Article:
After years of admiring the work of architect Pablo Pérez Palacios from afar, a young couple finally found an opportunity to enlist his services when they purchased property in an upscale housing development in central Mexico’s Querétaro City.
As parents to a newborn, the young couple wanted a single-family home that would be low-maintenance, child-friendly, and—most importantly—connected to the outdoors.
But creating a seamless indoor/outdoor living experience would be a challenge given the housing development’s stringent regulations on where the house could be placed. There were also privacy concerns due to the proximity of neighboring houses.
Working with his team at his Mexico City–based practice PPAA and architect Alfonso de la Concha Rojas, Pablo navigated the site’s drawbacks and met his client’s needs by designing a simple concrete structure that combines two kinds of exterior treatments—an opaque upper floor with wooden screens for privacy, and a transparent ground floor that features massive glass walls that slide open to connect the living spaces to the lush gardens in the front and rear of the house.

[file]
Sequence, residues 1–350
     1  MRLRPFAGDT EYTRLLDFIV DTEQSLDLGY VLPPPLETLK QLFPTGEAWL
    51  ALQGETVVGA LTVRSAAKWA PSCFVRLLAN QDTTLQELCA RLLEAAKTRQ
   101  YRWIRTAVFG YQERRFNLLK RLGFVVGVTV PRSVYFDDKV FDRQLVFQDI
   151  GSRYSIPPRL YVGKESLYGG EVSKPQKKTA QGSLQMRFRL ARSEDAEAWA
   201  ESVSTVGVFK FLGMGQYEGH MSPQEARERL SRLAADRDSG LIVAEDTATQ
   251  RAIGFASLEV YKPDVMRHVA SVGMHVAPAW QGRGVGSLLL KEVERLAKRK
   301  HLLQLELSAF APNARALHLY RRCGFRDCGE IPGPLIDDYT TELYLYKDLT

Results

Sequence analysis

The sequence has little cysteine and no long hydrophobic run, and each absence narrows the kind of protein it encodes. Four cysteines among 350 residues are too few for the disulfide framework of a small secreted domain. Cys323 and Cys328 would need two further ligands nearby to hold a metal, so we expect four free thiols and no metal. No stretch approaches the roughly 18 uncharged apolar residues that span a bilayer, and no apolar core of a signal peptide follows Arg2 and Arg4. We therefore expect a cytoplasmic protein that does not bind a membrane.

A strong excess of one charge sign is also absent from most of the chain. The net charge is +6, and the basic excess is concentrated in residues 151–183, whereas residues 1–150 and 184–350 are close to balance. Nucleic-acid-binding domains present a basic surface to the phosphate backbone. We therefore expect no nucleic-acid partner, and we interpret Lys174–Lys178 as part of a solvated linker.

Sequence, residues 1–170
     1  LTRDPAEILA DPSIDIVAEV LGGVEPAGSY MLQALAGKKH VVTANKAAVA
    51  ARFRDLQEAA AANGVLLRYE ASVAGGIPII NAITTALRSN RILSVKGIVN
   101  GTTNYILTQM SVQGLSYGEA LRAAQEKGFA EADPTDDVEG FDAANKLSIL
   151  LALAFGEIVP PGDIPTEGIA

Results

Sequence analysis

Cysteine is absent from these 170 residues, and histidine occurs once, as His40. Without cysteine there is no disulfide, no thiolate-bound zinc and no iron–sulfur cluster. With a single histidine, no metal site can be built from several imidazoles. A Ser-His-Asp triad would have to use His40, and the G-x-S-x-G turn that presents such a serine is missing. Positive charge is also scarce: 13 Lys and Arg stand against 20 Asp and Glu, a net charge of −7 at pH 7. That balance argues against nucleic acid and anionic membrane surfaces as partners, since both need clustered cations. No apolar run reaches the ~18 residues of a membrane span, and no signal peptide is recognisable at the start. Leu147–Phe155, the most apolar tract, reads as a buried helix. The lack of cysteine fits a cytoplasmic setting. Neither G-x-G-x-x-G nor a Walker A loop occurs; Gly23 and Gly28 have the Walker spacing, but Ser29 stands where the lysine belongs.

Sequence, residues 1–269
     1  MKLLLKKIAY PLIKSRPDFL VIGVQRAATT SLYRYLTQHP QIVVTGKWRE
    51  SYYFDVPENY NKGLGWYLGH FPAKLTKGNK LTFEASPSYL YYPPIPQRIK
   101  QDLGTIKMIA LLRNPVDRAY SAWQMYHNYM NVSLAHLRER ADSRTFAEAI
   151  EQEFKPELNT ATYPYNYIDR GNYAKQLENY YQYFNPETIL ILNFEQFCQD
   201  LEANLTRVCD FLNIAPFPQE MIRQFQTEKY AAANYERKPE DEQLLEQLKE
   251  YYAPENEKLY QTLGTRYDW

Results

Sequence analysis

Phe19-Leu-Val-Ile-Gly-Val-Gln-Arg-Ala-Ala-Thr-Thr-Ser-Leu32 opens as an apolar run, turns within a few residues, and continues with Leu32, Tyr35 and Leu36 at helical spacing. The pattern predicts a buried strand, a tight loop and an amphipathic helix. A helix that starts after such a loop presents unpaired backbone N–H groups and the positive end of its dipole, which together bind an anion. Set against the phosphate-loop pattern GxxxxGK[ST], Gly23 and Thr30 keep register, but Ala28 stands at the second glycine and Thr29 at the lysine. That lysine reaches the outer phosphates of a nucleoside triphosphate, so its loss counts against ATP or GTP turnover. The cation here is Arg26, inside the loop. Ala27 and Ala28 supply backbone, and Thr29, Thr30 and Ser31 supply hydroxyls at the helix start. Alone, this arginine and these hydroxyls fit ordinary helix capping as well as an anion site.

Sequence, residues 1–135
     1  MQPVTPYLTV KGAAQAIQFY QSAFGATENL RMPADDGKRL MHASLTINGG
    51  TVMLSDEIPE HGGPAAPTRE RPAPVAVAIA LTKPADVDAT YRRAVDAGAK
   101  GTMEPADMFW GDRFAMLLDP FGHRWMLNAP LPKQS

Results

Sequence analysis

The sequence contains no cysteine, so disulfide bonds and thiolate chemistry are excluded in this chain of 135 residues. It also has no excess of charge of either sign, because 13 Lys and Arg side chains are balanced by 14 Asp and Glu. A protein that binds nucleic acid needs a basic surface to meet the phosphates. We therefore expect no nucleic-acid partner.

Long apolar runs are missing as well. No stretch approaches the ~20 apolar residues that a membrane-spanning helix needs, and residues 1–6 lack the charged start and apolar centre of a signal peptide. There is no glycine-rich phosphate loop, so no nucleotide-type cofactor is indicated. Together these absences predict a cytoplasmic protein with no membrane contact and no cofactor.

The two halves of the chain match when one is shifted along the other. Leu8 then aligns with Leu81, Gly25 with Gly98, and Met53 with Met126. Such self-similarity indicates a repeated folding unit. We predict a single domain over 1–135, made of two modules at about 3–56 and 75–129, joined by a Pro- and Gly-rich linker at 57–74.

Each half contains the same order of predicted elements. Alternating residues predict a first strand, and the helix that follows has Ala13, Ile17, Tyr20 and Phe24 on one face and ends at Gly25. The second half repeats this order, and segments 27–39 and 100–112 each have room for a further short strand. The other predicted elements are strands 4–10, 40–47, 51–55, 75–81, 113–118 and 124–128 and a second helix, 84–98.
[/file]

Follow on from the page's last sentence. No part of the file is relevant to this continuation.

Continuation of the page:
"We only designed with the elements that were strictly needed—nothing more, nothing less," says Pablo of the project, named Casa Campanario. "The simple form became a frame for the surrounding nature."
Intersecting concrete elements divide the home’s facade into a grid that not only breaks down the scale of the 3,660-square-foot house, but also frames views of the outdoor spaces.
The interiors match the minimalist aesthetic of the exterior so as to keep attention on the outdoors.
Builder/ General Contractor: Octavio Perez Quintana
Structural Engineer/Civil Engineer: BVG
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